The Unknown Promise of Internet Freedom

Ve1195c_thumb3Peter Singer on Google vs. China, in Project Syndicate:

Perhaps because Google has been all about making information more widely available, its collaboration with China’s official Internet censors has been seen as a deep betrayal. The hope of Internet anarchists was that repressive governments would have only two options: accept the Internet with its limitless possibilities of spreading information, or restrict Internet access to the ruling elite and turn your back on the twenty-first century, as North Korea has done.

Reality is more complex. The Chinese government was never going to cave in to Google’s demand that it abandon Internet censorship. The authorities will no doubt find ways of replacing the services that Google provided – at some cost, and maybe with some loss of efficiency, but the Internet will remain fettered in China.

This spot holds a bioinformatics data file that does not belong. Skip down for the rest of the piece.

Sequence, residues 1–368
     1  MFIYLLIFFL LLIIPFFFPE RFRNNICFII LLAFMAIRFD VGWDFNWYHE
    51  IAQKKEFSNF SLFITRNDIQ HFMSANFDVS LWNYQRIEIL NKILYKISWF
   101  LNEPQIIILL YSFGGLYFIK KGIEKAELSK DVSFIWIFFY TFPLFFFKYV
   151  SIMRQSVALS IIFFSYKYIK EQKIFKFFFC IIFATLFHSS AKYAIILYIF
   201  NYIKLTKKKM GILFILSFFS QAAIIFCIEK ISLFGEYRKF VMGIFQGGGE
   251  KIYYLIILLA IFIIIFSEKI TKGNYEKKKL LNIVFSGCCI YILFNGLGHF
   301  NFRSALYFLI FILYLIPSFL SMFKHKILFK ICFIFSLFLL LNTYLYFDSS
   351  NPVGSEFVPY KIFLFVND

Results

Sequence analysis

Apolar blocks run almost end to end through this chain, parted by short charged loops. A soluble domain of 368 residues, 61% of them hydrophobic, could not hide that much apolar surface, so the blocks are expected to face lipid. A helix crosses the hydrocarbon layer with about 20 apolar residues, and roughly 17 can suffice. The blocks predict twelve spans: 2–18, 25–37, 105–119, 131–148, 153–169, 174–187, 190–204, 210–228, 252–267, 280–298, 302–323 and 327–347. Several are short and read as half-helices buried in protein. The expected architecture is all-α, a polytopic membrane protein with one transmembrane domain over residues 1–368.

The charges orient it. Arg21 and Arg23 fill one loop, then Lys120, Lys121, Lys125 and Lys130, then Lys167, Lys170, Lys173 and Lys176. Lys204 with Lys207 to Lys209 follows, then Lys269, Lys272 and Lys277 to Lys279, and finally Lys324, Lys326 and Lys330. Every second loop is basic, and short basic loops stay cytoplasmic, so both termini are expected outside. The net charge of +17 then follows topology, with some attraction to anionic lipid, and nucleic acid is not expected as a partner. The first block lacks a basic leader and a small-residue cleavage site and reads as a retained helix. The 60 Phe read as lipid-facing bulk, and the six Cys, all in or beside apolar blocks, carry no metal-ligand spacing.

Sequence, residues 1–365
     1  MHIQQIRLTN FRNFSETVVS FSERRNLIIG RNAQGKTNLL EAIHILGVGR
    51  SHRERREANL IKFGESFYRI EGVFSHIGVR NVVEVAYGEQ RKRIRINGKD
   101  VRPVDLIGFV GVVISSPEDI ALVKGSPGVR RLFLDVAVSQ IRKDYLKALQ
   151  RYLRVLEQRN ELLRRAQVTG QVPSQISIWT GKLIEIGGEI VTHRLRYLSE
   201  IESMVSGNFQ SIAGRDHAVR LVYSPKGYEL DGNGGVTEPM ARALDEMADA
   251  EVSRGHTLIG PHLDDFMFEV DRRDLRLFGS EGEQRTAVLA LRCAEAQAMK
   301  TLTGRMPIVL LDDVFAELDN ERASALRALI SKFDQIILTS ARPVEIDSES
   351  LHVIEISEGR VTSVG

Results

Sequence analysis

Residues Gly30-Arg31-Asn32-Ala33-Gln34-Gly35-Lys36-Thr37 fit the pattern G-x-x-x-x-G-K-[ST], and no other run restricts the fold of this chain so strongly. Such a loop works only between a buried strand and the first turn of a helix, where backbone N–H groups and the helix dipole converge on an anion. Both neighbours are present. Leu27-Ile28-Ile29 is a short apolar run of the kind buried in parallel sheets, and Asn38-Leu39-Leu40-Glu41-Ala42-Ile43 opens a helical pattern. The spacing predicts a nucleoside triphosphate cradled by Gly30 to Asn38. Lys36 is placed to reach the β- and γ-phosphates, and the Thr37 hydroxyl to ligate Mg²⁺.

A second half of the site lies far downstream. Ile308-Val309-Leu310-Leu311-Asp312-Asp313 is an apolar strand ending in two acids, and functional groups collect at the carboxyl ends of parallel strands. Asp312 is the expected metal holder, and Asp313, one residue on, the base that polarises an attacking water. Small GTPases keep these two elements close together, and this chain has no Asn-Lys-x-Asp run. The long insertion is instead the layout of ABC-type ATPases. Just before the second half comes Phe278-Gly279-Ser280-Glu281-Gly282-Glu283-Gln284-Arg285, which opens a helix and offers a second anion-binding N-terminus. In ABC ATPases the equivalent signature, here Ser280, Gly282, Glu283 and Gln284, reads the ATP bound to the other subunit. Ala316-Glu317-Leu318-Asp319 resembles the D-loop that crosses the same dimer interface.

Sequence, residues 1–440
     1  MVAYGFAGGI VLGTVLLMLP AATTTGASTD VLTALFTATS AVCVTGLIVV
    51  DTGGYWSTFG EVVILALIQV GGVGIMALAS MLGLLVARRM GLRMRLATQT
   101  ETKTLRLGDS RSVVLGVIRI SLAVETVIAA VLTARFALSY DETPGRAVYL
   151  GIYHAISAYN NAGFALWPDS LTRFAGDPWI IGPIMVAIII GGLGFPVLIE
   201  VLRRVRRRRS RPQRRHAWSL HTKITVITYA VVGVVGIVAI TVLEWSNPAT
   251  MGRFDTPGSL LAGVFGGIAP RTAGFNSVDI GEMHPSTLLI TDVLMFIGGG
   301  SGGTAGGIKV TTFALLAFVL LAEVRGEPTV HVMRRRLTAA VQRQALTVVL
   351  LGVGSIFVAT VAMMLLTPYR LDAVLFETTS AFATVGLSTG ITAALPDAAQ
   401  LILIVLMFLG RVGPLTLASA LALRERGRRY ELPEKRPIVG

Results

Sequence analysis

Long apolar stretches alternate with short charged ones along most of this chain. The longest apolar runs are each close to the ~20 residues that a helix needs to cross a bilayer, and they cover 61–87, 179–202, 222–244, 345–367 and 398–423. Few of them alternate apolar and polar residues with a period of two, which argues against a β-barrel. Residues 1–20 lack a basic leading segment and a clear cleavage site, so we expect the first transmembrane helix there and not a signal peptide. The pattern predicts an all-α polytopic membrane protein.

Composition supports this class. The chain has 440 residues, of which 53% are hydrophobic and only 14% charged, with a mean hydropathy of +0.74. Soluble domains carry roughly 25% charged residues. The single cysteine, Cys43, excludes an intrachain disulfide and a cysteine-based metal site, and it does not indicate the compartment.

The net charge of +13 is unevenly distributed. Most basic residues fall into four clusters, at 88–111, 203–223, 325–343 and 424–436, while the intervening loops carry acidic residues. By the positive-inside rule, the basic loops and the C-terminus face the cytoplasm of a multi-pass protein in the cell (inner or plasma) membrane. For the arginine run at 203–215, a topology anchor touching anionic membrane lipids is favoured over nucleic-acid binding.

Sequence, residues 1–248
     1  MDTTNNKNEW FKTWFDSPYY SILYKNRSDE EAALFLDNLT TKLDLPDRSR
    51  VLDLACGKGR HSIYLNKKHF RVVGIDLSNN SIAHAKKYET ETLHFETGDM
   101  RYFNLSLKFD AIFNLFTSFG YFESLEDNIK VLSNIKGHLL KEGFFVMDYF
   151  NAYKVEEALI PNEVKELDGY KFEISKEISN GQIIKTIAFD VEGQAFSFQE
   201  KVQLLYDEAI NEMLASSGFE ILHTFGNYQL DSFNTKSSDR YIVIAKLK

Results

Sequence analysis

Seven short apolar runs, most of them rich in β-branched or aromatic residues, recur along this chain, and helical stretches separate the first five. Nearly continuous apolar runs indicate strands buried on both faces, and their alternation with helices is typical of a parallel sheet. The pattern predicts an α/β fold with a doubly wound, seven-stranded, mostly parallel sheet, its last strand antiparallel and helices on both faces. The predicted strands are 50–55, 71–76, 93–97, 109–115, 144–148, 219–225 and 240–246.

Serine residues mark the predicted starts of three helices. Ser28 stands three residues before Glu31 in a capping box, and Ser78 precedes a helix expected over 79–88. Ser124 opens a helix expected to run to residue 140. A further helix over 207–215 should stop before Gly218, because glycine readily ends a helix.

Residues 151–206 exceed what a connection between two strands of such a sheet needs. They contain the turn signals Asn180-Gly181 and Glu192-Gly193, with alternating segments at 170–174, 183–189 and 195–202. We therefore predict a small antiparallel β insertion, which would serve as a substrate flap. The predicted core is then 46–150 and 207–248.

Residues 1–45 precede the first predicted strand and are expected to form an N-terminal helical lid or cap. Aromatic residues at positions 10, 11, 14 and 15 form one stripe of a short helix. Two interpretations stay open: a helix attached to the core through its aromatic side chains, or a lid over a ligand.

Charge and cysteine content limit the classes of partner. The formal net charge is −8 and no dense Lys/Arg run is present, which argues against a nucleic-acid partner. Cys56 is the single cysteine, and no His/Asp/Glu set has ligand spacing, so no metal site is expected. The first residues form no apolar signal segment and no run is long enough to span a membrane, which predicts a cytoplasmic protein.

Nevertheless, the more important point is that Google is no longer lending its imprimatur to political censorship. Predictably, some accuse Google of seeking to impose its own values on a foreign culture. Nonsense. Google is entitled to choose how and with whom it does business. One could just as easily assert that during the period in which Google filtered its results in China, China was imposing its values on Google.

Google’s withdrawal is a decision in accordance with its own values. In my view, those values are more defensible than the values that lead to political censorship – and who knows how many Chinese would endorse the value of open access to information, too, if they had the chance?

[H/t: Stefany Golberg]

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